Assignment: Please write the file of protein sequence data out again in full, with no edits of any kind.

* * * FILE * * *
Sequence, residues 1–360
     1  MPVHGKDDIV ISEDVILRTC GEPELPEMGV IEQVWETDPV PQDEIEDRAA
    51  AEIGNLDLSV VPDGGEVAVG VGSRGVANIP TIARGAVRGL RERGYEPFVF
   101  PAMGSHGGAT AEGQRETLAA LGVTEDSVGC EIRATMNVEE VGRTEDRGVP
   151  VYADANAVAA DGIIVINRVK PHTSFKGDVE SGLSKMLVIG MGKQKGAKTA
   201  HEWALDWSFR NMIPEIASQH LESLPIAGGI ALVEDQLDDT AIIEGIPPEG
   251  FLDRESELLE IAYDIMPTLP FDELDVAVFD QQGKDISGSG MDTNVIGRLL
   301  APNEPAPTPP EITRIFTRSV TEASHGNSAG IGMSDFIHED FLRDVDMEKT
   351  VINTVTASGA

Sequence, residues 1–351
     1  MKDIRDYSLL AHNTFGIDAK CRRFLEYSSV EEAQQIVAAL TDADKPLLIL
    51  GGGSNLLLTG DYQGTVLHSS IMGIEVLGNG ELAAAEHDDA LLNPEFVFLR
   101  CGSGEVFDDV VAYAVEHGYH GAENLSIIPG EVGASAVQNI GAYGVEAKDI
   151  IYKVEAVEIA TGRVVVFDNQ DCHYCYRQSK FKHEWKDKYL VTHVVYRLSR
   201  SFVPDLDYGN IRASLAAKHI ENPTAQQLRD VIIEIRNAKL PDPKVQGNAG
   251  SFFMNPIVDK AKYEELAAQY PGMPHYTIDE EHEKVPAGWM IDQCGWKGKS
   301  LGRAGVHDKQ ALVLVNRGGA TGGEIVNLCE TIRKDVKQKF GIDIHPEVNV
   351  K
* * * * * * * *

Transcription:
Sequence, residues 1–360
     1  MPVHGKDDIV ISEDVILRTC GEPELPEMGV IEQVWETDPV PQDEIEDRAA
    51  AEIGNLDLSV VPDGGEVAVG VGSRGVANIP TIARGAVRGL RERGYEPFVF
   101  PAMGSHGGAT AEGQRETLAA LGVTEDSVGC EIRATMNVEE VGRTEDRGVP
   151  VYADANAVAA DGIIVINRVK PHTSFKGDVE SGLSKMLVIG MGKQKGAKTA
   201  HEWALDWSFR NMIPEIASQH LESLPIAGGI ALVEDQLDDT AIIEGIPPEG
   251  FLDRESELLE IAYDIMPTLP FDELDVAVFD QQGKDISGSG MDTNVIGRLL
   301  APNEPAPTPP EITRIFTRSV TEASHGNSAG IGMSDFIHED FLRDVDMEKT
   351  VINTVTASGA

Sequence, residues 1–351
     1  MKDIRDYSLL AHNTFGIDAK CRRFLEYSSV EEAQQIVAAL TDADKPLLIL
    51  GGGSNLLLTG DYQGTVLHSS IMGIEVLGNG ELAAAEHDDA LLNPEFVFLR
   101  CGSGEVFDDV VAYAVEHGYH GAENLSIIPG EVGASAVQNI GAYGVEAKDI
   151  IYKVEAVEIA TGRVVVFDNQ DCHYCYRQSK FKHEWKDKYL VTHVVYRLSR
   201  SFVPDLDYGN IRASLAAKHI ENPTAQQLRD VIIEIRNAKL PDPKVQGNAG
   251  SFFMNPIVDK AKYEELAAQY PGMPHYTIDE EHEKVPAGWM IDQCGWKGKS
   301  LGRAGVHDKQ ALVLVNRGGA TGGEIVNLCE TIRKDVKQKF GIDIHPEVNV
   351  K